Celebrating five decades of the 1971 BMW 2002tii E10

Celebrating five decades of the 1971 BMW 2002tii E10

Launched in 1971, the 2002tii celebrates its 50th birthday this year, we take a look at it with the help of The 02 Register. Words: Simon Jackson, Richard Stern. Photography: BMW Classic, Richard Stern.

Tii 50 MEET THE FAMILY AT Celebrating five decades of the 1971 BMW 2002tii

Mention the ‘2002’ and – for many BMW enthusiasts – the word ‘Turbo’ springs instantly to mind. The larger than life 2002 with big wings and an even bigger power output is undoubtedly a standout icon in the model range, but, arguably, it is not the thinking man’s 2002. That accolade goes to a “lesser” model, an all-rounder with linear power delivery and a tight little chassis – a generally more usable version, and one that is far cheaper to buy and run to boot. That model is the 2002tii and this year it turns 50. The Turbo came late in the 2002 story, so too the tii which arrived in the UK in 1973.

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It built on what the 1600ti brought to the table, not just with a second ‘i’ denoting its fuel injection system, but with a larger 1990cc version of the M10 engine too, in combination good for 130hp at 5800rpm with 130lb ft of torque at 4500rpm. This in a car that weighed only 1000kg. Richard Stern, Chairman 02 Register, ‘Friend of the Marque’ and Register Director BMW Car Club GB Ltd, takes over: “BMW certainly saved the best 2002 until last with the tii. When it first came out in the 1970s the tii was easier to live with than a Turbo, that is still true today. A good sorted tii take you across Europe with little drama,” Richard smiled. “Launched in 1971, the 2002tii used the same elegant bodyshell as its two-door relations. The differences to the regular 2002s were thicker rear trailing arms, bigger front brakes, different front suspension legs, bigger cylinder head exhaust valves and, obviously, the mechanical Kugelfischer fuel injection pump – the injectors were capable of delivering a healthy 130hp.“A larger twin air filter cylinder box was fitted, and an uprated alternator which was relocated lower on the engine – making it a pain to replace! The tii was available in both round rear light cluster and the later square lamp guise – including Lux trim models.”

“Sir Stirling Moss had the importer convert a standard Touring to tii specification”

BMW first attended to intentions to introduce the tii on US shores, though its hopes would be dashed thanks to strict US emissions controls, so it was 1973 before the UK market saw the car – just two years before the 2002 range was discontinued to make way for the arrival of the E21 3 Series. British journalists raved about the tii, which was good because it was far from cheap. At £2300 it was almost double the price of some competitors. Autocar reported: ‘The tii is a fast car by any standards; not so much in its maximum speed as in mid-range acceleration. It has few peers when it comes to hustling across country on mediocre roads; none at all, perhaps, if one considers the comfort and quietness that go with it.’ So, just what was so special about it? Well, that engine for one, as Richard continues: “Power came from the (aforementioned) two-litre four-cylinder engine, with a top speed of 118mph and 0-60mph time of just 8.3-seconds. Economy was good too, even on a long run a tii could see better miles per galllon than its 2002 or ti (twin carb LHD) relations. In fact, a tii could eat a first generation Golf GTI for lunch in both performance and top speed, what’s more the GTI came out in the late 1970s – long after the tii ceased production. You could argue that the Touring tii was really the first ‘hot hatch’, not the Mk1 VW Golf GTI.”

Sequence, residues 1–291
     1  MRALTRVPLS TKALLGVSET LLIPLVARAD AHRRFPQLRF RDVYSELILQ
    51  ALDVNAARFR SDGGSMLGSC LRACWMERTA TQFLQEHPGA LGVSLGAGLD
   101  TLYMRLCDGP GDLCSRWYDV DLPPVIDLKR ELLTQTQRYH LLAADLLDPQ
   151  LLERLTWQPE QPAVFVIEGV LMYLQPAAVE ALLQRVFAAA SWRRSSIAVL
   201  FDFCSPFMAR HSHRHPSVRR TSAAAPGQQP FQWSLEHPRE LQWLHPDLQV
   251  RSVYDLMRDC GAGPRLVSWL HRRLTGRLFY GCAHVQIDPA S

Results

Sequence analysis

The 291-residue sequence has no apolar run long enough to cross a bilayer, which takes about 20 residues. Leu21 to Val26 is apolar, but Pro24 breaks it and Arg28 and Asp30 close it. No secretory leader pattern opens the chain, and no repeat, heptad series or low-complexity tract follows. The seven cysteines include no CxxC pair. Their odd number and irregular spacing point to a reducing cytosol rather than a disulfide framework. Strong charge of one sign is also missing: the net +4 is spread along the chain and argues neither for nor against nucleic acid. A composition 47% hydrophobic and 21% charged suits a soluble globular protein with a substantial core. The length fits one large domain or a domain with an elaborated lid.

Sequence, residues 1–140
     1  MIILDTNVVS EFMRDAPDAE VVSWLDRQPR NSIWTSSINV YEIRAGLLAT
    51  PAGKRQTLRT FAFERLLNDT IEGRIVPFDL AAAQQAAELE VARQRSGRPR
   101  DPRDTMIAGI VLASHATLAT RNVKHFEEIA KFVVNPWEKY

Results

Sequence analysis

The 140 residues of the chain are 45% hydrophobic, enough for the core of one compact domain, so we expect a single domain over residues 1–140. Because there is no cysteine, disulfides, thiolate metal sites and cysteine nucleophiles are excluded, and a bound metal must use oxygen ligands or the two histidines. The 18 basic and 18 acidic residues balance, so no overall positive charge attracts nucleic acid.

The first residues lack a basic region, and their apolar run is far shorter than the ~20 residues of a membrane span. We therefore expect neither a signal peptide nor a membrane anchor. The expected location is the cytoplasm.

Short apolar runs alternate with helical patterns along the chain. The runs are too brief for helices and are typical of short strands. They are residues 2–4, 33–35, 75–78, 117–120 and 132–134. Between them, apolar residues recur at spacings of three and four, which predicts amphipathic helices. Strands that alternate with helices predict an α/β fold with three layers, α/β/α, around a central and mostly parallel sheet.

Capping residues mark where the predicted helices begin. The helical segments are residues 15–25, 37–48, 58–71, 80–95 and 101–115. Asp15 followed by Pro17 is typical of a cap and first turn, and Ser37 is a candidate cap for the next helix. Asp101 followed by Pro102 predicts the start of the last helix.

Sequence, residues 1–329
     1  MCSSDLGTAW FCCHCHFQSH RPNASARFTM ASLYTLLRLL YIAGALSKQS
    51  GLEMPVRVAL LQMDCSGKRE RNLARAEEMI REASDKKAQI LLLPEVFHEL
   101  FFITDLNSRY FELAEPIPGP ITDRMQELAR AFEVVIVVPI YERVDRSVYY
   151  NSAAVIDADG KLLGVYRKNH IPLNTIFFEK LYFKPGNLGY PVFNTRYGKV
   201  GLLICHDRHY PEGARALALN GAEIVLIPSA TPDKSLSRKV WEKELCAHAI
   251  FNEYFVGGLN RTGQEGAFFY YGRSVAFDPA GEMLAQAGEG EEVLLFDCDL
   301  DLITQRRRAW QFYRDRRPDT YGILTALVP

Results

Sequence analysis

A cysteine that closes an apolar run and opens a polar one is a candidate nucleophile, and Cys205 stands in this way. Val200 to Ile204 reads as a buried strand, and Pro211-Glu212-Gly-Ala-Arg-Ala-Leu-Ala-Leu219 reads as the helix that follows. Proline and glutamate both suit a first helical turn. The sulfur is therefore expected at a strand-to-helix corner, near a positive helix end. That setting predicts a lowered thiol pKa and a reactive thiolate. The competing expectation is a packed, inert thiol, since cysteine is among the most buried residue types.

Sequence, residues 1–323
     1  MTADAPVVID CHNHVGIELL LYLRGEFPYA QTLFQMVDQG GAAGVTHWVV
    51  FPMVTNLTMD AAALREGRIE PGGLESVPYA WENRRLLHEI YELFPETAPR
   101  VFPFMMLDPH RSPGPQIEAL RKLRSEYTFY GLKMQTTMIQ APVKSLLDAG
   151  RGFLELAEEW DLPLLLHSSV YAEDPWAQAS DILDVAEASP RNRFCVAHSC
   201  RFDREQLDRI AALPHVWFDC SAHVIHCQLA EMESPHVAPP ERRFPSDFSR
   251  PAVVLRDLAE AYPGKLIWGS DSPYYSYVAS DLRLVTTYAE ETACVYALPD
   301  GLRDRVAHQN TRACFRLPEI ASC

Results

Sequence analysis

Where the 2002 Turbo left viewers in no doubt of its model type or inherent performance, the tii was subtle, very subtle with its latent talents almost concealed. “On the exterior the only way you know it’s a tii is when it passes you and you see the badge on the rear panel! Otherwise externally there are no visual clues that it is something special.” Richard said. “On the interior the only obviously difference from a standard 2002 was the rev counter to back-up the theory that this was a proper driver’s car, and the clock was moved to the centre of the dash in an additional pod.”

The engine was mated to a four-speed manual gearbox while a 25 percent limitedslip differential added to the recipe, the MacPherson struts up front and semi-trailing arms out back delivering a real driver’s car experience on the road.

When we last drove one we reported: ‘The tii is an absolute blast to drive. Much in the way that a modern icon like the 1 Series M Coupé demands that you get hold of it by the scruff of the neck, the ’02 begs to be given a thorough work out, seemingly coming alive the faster you go. As you’d expect grip isn’t up to modern levels but it still manages to cling on pretty tenaciously, but unlike in a modern machine, which will tend to grip and grip and then let go, the tii sends you plenty of warnings that it’s about to demand half an armful of opposite lock. There’s a nice degree of bodyroll and the steering gives plenty of feedback, as does the seat of your pants. It’s superbly adjustable and an absolute hoot to pedal along.